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Australia receives first two revolutionary skin cancer diagnostic machines from VivoSight

31 January 2018

Australia receives first two revolutionary skin cancer diagnostic machines from VivoSight

Having existed in Europe for some time, the latest technology for early identification and assisted treatment of skin cancer has been installed at two Sydney clinics.

When a skin cancer is suspected, a biopsy is often necessary to confirm the diagnosis. A biopsy is also often performed in order to accurately establish the depth of certain skin cancers prior to treatment. North West Sydney Dermatology & Laser Clinic in Rouse Hill aims to make this a thing of the past through its new ‘VivoSight Optical Coherence Tomography (OCT) scanner’. This is an imaging device that is able to look beneath the skin's surface in high resolution.

“We are very excited to be the first clinic able to offer the Australian public this technology. It means a painless, on-the-spot diagnosis and it will open doors to non-invasive treatments as well.” said Dr Robert Stephens FACD, the principal dermatologist at North West Sydney Dermatology & Laser Clinic. “This device has more potential than just as a diagnostic tool. We can also use OCT to determine if surgery is needed or not. If surgery is necessary, we can map the invisible parts of a tumour prior to excision.”

The VivoSight OCT scanner is manufactured by the British company Michelson Diagnostics. It is already being used in the USA and Europe and has received TGA regulatory approval for clinical sales in Australia. Our country has a strong appetite for innovation in skin cancer treatment, given that two in three Australians are diagnosed with skin cancer by the time they are 70, and more than 750,000 people are treated for one or more non-melanoma skin cancers in Australia each year.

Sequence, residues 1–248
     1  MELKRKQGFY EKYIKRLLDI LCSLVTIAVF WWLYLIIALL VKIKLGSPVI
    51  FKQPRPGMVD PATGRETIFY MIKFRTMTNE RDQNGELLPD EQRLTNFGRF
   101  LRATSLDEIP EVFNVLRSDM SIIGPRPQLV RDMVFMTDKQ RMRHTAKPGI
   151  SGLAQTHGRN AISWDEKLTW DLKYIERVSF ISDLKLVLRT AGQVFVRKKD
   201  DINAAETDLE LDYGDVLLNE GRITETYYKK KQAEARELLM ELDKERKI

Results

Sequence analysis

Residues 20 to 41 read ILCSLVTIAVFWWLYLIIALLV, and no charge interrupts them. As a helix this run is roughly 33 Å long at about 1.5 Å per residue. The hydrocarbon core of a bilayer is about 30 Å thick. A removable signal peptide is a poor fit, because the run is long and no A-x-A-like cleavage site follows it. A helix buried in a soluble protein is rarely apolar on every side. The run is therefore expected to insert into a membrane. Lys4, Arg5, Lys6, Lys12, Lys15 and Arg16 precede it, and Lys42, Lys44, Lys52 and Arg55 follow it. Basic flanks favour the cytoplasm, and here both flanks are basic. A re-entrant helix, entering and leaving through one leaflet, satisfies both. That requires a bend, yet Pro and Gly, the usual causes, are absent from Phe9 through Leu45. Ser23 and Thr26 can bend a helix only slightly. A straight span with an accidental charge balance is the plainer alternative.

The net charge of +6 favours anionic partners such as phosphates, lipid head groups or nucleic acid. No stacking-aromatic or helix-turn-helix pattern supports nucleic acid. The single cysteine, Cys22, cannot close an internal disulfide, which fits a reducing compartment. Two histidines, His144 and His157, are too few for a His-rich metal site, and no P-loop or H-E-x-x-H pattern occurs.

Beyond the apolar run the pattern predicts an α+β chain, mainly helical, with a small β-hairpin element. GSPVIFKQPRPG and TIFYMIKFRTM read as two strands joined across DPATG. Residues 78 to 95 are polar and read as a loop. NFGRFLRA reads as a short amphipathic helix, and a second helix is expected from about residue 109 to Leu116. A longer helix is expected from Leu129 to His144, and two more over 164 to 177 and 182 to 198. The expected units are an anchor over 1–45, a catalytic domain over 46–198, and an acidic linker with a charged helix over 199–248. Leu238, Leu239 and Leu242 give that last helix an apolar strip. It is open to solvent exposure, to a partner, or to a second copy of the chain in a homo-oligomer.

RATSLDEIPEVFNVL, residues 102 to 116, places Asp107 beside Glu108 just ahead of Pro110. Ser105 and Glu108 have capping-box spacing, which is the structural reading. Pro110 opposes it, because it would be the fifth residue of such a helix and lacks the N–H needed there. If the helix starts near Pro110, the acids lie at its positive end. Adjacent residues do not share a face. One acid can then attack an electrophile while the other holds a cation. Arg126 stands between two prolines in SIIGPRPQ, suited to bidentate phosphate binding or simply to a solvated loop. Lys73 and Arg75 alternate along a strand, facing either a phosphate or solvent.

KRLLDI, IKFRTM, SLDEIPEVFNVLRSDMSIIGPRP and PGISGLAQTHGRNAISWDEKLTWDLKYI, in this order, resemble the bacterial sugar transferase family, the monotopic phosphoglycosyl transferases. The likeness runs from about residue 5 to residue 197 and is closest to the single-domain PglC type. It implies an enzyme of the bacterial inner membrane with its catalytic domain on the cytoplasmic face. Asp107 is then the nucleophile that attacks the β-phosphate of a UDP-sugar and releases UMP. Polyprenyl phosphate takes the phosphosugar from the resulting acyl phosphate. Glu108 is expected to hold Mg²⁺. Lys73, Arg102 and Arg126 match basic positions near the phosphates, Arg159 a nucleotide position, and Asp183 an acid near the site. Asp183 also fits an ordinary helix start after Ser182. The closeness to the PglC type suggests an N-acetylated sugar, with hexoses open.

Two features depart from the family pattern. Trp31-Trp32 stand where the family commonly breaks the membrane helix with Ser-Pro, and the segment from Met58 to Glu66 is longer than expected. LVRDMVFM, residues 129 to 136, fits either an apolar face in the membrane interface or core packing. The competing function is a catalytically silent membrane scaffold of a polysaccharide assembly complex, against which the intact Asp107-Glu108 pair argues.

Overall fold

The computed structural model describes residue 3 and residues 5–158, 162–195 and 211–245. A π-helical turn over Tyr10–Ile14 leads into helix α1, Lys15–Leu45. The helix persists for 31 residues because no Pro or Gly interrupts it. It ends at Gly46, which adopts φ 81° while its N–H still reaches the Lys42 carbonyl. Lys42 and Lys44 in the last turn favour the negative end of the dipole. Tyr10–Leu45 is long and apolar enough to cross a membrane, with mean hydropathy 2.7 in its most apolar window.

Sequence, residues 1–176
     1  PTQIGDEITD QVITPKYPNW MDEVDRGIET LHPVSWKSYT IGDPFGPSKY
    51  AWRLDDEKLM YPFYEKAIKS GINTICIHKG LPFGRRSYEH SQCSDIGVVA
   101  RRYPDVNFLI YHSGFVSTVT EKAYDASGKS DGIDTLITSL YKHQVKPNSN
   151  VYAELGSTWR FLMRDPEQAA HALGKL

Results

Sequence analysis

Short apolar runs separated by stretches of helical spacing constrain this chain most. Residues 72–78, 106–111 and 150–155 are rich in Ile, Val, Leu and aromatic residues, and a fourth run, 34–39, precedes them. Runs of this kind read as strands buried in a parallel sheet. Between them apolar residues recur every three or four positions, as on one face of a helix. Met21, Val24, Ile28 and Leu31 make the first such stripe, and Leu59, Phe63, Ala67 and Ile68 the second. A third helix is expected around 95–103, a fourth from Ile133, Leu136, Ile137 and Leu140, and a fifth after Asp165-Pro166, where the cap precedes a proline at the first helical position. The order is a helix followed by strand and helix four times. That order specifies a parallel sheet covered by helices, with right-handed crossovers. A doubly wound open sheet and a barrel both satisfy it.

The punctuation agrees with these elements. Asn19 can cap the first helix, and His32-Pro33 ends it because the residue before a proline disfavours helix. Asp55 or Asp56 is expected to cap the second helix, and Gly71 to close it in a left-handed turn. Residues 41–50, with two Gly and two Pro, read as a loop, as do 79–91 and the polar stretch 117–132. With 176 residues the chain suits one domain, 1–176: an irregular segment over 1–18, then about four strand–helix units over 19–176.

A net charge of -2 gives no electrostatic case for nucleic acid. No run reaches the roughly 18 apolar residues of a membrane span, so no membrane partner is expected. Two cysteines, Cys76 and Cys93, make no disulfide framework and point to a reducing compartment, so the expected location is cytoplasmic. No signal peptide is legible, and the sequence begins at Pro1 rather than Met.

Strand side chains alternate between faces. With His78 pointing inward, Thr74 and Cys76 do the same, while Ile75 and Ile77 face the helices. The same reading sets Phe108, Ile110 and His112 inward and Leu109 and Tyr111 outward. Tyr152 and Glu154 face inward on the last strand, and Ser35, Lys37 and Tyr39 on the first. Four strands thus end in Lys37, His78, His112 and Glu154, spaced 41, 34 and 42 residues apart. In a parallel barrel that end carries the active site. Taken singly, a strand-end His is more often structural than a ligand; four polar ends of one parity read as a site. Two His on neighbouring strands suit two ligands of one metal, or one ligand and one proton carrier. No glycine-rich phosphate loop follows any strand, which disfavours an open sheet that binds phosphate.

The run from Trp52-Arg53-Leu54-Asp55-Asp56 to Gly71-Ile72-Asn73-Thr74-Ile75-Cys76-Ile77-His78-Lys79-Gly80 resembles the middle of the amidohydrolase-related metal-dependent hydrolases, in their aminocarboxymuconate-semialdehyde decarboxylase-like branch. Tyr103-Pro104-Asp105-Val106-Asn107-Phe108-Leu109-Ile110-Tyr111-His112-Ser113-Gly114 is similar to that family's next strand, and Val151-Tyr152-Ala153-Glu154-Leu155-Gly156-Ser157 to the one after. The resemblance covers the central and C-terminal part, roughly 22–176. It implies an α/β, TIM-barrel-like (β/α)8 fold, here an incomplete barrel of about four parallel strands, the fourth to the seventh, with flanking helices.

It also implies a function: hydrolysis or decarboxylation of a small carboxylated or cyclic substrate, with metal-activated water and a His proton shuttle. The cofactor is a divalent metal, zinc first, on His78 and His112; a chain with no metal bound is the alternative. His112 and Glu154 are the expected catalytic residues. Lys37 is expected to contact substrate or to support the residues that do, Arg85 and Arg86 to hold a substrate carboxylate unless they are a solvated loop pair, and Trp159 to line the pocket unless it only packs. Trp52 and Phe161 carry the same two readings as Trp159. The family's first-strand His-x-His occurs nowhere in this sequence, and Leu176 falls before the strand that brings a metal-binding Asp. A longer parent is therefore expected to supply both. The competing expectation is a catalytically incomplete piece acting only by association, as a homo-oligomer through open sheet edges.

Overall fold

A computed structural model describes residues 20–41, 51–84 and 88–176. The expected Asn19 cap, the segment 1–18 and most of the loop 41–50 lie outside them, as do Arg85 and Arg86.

Jon Holmes, CEO of Michelson Diagnostics commented “We have established VivoSight as the OCT imaging technology of choice amongst German Dermatologists, where we have systems placed in both large hospitals and private clinics. Using the knowledge we have gained from building our business in Germany, we are pleased to announce the successful launch of the VivoSight OCT scanner in Australia.”

Dr Stephens continues “The other benefit of the VivoSight OCT scanner is that it provides us with a means of verifying complete removal of a skin cancer without having to cut it out and send it off to pathology.  Using OCT technology, the game now changes. We can now verify complete removal of a skin cancer following a non-surgical treatment. This means that in certain cases, we can make a diagnosis of skin cancer, remove the skin cancer and then verify its complete removal without the patient ever seeing a needle or a scalpel.”

Effective methods of removing skin cancer without surgery already exist. Some types of skin cancer can be removed with creams (topical chemotherapy). The problem with these treatments is there has been no test that could validate complete removal.

Aside from routine clinical use, the only other VivoSight scanner in Australia has just been purchased by the Melanoma Institute Australia. “We aim to use OCT to help understand the science of skin cancer better and monitor the effectiveness of the treatment”, said Associate Professor Pascale Guitera - FACD PhD, a dermatology surgeon and skin imaging expert at the centre, based in Sydney. The MIA has used an earlier version of VivoSight for research purposes, which resulted in 3 publications, but now with the medical device approval the new VivoSight is available to benefit patients directly, in a clinical setting.


Below is a link of TV news coverage in New York​, when an earlier version of the technology was initially launched in the USA at the world famous Mount Sinai Hospital -